Kidney stones are formed when salts, minerals, and other substances normally found in the urine clump together. They can be as small as grains of sand or, rarely, as large as golf balls.
For most children, passing a stone takes at least 24 to 48 hours. While the stone is travelling through the ureter, which is the tube that carries urine from the kidney to the bladder, your child will probably feel pain. The pain may be mild or very severe. Your child may also have some blood in his or her urine. As soon as the stone reaches the bladder, any intense pain should go away.
If a stone is too large to pass on its own, your child may need a medical procedure to help pass the stone.
Follow-up care is a key part of your child's treatment and safety. Be sure to make and go to all appointments, and call your doctor or nurse call line if your child is having problems. It's also a good idea to know your child's test results and keep a list of the medicines your child takes.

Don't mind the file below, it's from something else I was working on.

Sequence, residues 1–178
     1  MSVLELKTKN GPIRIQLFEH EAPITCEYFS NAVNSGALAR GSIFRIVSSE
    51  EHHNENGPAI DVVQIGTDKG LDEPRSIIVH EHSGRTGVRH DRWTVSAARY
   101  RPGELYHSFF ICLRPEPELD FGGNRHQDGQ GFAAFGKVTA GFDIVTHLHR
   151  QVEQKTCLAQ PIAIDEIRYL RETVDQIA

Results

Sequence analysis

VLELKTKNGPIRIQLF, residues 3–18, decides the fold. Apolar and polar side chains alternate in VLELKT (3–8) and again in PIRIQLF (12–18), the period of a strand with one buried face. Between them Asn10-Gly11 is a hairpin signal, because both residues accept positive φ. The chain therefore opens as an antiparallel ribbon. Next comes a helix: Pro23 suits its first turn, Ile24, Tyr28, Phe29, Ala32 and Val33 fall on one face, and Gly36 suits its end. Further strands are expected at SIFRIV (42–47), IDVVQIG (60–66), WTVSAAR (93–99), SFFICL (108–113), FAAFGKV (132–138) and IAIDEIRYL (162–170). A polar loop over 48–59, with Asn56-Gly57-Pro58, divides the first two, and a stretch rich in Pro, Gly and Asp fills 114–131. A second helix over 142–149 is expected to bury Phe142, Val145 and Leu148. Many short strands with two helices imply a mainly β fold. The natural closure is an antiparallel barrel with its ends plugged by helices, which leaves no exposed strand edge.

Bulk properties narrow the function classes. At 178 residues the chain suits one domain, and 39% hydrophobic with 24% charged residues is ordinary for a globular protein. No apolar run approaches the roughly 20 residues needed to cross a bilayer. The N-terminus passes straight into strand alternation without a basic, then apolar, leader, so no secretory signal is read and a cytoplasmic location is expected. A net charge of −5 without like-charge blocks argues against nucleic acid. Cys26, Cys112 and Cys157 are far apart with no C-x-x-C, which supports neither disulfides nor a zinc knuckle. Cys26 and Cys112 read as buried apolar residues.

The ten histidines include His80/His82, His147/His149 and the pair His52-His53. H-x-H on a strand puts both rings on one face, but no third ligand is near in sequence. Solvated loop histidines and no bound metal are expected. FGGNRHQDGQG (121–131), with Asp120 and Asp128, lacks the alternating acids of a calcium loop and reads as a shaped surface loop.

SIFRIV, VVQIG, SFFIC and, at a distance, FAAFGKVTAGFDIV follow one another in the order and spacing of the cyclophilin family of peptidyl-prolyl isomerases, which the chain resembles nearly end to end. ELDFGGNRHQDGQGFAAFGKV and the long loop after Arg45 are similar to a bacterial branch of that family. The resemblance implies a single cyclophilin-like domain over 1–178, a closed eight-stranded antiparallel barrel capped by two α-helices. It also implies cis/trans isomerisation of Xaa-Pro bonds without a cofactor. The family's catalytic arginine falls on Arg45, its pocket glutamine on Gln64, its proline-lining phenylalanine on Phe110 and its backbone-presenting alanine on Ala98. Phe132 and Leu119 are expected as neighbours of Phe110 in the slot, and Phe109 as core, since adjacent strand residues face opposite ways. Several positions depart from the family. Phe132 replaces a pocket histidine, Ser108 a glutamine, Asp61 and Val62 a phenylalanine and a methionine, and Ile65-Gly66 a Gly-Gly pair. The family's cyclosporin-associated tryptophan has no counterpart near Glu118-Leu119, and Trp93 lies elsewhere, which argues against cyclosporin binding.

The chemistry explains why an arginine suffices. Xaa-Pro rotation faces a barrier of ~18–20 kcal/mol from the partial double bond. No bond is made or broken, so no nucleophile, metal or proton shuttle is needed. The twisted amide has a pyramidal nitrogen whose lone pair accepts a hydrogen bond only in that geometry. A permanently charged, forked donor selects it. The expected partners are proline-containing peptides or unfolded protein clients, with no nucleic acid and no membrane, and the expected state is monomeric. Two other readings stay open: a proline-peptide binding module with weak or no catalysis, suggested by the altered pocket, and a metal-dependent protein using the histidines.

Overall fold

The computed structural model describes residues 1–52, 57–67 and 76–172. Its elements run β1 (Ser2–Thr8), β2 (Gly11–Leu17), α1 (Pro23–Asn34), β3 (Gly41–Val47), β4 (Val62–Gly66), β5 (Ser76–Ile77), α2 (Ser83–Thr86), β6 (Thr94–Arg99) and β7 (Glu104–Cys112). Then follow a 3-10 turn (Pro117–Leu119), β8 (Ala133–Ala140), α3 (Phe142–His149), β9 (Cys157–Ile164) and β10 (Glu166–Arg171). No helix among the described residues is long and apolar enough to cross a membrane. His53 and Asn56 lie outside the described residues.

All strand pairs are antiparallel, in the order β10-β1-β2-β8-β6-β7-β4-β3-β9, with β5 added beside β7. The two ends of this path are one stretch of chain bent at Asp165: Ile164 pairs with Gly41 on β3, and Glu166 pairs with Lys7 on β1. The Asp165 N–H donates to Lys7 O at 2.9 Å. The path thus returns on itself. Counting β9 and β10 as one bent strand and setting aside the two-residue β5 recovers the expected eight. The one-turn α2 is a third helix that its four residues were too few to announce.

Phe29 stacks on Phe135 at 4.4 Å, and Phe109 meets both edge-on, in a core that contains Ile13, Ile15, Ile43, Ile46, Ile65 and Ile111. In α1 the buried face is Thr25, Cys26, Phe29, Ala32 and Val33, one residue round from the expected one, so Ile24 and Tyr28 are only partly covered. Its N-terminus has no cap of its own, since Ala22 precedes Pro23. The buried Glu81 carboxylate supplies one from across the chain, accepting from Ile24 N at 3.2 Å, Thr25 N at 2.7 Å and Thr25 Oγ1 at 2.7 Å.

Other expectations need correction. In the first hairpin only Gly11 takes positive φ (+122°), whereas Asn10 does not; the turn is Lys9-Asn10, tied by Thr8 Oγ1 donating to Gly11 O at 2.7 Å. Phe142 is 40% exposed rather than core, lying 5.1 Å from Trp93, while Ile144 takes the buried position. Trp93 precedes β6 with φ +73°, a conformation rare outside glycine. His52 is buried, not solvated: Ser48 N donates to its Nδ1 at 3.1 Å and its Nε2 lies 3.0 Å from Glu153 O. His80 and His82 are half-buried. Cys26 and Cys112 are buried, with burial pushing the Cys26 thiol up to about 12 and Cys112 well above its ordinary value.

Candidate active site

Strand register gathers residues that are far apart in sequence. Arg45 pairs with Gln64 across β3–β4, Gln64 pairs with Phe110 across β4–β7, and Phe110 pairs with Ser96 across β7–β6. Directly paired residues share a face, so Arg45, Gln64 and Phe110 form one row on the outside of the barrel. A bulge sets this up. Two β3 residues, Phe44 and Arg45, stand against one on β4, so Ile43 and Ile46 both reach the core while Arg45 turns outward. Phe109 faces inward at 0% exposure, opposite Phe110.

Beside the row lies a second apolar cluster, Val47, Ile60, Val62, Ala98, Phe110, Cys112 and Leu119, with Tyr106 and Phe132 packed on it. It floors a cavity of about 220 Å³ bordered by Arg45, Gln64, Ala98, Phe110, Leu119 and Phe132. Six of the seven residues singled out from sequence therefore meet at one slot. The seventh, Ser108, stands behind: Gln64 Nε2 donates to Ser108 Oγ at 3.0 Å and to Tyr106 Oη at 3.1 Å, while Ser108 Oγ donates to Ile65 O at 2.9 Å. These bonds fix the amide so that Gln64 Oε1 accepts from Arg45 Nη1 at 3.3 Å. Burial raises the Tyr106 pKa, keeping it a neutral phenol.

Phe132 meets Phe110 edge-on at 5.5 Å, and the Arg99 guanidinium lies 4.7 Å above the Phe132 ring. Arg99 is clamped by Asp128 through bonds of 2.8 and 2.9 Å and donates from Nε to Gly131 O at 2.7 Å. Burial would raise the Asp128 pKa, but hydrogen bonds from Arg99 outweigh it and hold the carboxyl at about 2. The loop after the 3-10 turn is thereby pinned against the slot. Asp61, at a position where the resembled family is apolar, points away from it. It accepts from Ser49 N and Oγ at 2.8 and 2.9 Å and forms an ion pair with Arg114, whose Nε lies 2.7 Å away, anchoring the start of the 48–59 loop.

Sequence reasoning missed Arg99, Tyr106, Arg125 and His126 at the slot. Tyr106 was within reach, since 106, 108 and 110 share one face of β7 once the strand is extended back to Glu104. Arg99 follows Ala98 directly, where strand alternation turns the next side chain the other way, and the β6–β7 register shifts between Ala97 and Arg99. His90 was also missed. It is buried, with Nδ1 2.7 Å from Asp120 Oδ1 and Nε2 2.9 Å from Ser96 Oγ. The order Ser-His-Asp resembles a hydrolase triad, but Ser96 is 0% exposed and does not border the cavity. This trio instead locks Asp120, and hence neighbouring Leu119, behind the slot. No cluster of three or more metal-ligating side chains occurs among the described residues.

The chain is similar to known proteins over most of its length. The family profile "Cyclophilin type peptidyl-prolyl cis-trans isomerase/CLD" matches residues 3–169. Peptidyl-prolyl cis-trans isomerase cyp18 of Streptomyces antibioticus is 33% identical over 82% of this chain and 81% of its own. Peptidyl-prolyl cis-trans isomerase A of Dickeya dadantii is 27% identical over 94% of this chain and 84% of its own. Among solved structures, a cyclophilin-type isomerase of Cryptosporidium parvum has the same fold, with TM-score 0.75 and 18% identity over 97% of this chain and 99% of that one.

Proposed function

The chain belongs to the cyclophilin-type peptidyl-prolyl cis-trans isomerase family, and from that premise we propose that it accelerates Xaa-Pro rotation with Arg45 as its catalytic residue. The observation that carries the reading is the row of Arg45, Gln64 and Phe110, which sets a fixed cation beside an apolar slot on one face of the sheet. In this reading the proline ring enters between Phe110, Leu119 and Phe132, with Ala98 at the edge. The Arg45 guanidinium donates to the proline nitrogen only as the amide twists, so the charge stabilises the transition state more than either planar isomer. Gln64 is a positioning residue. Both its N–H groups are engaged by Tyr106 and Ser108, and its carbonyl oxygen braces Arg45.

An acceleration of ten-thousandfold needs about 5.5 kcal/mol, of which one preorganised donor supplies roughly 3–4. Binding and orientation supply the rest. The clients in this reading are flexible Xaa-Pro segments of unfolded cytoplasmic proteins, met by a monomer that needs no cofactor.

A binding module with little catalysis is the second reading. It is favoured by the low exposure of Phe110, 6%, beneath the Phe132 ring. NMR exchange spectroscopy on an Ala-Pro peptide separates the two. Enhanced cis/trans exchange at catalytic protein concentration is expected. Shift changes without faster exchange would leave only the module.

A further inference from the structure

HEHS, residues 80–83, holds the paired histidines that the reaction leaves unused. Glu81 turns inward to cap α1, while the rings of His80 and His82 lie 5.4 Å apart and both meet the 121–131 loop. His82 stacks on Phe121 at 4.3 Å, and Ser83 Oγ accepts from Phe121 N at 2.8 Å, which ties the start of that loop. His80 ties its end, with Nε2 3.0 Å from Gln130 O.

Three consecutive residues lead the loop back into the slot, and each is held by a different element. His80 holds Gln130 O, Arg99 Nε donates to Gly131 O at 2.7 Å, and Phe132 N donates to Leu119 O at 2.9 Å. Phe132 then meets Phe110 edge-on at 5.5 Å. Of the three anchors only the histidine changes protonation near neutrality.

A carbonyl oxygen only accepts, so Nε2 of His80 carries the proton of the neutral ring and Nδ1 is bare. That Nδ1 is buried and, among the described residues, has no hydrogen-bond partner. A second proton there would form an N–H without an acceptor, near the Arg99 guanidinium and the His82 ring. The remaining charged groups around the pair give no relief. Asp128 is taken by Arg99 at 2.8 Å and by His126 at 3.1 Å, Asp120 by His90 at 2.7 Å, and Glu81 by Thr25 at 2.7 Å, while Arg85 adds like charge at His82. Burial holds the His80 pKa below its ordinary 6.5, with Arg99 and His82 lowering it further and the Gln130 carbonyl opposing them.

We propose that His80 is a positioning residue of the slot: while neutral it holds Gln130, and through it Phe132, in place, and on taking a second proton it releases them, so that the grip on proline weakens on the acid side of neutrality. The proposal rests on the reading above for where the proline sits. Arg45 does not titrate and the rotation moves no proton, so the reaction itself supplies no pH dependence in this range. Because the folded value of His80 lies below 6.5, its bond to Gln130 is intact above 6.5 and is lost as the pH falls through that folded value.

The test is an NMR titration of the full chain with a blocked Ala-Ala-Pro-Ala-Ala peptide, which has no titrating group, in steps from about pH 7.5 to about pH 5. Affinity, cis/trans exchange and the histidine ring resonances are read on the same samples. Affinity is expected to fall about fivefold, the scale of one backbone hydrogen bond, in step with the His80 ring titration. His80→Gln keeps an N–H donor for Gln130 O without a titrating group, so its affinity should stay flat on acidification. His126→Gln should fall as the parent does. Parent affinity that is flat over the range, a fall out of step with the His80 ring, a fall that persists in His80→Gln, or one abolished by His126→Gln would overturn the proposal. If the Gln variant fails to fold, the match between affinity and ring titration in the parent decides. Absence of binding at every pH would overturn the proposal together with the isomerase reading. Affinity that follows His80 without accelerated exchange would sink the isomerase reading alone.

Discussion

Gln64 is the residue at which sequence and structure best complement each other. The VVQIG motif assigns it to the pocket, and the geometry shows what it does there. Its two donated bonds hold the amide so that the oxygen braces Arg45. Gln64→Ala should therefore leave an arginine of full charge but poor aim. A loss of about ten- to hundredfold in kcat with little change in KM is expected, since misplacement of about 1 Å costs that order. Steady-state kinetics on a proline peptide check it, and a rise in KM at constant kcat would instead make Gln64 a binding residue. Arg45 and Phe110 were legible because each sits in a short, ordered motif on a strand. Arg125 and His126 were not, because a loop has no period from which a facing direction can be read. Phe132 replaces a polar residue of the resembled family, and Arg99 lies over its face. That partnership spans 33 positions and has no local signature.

Preventing future kidney stones
Some changes in your child's diet may help prevent kidney stones. Depending on the cause of your child's stones, your doctor may advise your child to:
Call your doctor or nurse call line now or seek immediate medical care if:
Watch closely for changes in your child's health, and be sure to contact your doctor or nurse call line if:
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Current as of: May 12, 2017
Adam Husney, MD - Family Medicine
& Kathleen Romito, MD - Family Medicine
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